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https://www.readbyqxmd.com/read/28922625/living-and-dying-with-advanced-dementia-a-prospective-cohort-study-of-symptoms-service-use-and-care-at-the-end-of-life
#1
Elizabeth L Sampson, Bridget Candy, Sarah Davis, Anna Buylova Gola, Jane Harrington, Michael King, Nuriye Kupeli, Gerry Leavey, Kirsten Moore, Irwin Nazareth, Rumana Z Omar, Victoria Vickerstaff, Louise Jones
BACKGROUND: Increasing number of people are dying with advanced dementia. Comfort and quality of life are key goals of care. AIMS: To describe (1) physical and psychological symptoms, (2) health and social care service utilisation and (3) care at end of life in people with advanced dementia. DESIGN: 9-month prospective cohort study. SETTING AND PARTICIPANTS: Greater London, England, people with advanced dementia (Functional Assessment Staging Scale 6e and above) from 14 nursing homes or their own homes...
August 1, 2017: Palliative Medicine
https://www.readbyqxmd.com/read/28746084/epidemiology-and-location-of-primary-retrieval-missions-in-a-scottish-aeromedical-service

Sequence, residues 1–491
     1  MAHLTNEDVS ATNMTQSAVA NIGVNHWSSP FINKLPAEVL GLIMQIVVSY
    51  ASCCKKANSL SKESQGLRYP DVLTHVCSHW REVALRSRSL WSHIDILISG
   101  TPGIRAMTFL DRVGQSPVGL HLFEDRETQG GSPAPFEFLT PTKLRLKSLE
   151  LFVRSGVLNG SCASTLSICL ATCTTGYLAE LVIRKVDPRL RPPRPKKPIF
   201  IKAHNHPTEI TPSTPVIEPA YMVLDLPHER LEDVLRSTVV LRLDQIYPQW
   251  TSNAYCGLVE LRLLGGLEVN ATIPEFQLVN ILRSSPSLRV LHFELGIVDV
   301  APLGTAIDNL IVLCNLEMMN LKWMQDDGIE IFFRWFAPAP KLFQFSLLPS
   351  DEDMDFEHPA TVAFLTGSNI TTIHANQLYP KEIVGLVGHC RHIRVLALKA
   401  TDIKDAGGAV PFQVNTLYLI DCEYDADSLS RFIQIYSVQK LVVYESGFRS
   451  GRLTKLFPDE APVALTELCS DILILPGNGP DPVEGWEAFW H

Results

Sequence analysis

#2
Gregg Neagle, Lisa Curatolo, John Ferris, Mike Donald, Stephen Hearns, Alasdair R Corfield
INTRODUCTION: Prehospital critical care teams comprising an appropriately trained physician and paramedic or nurse have been associated with improved outcomes in selected trauma patients. These teams are a scarce and expensive resource, especially when delivered by rotary air assets. The optimal tasking of prehospital critical care teams is therefore vital and remains a subject of debate. Emergency Medical Retrieval Service (EMRS) provides a prehospital critical care response team to incidents over a large area of Scotland either by air or by road...
July 25, 2017: European Journal of Emergency Medicine: Official Journal of the European Society for Emergency Medicine
https://www.readbyqxmd.com/read/28693654/cut-and-rip-and-cut-alone-techniques-versus-usual-practice-in-the-removal-of-trauma-patient-clothing
#3
Aaron K Sibley, Trevor N Jain, Brent Nicholson, Paul Atkinson
Introduction Rapid exposure of a trauma patient is an essential component of the primary survey. No gold standard exists regarding the best technique to remove clothing from a trauma patient. The purpose of this study is to compare two techniques of clothing removal versus usual practice using standard trauma shears. METHODS: Advanced Care Paramedic (ACP) students were randomized to either the Cut and Rip (CAR) or Cut Alone (CAL) techniques to remove clothing from a standardized trauma mannequin...
July 11, 2017: CJEM
https://www.readbyqxmd.com/read/28686547/incidence-of-naloxone-redosing-in-the-age-of-the-new-opioid-epidemic
#4
Ronald Klebacher, Matthew I Harris, Navin Ariyaprakai, Ammundeep Tagore, Vince Robbins, Larissa Sophia Dudley, Robert Bauter, Susmith Koneru, Ryan D Hill, Eric Wasserman, Andrew Shanes, Mark A Merlin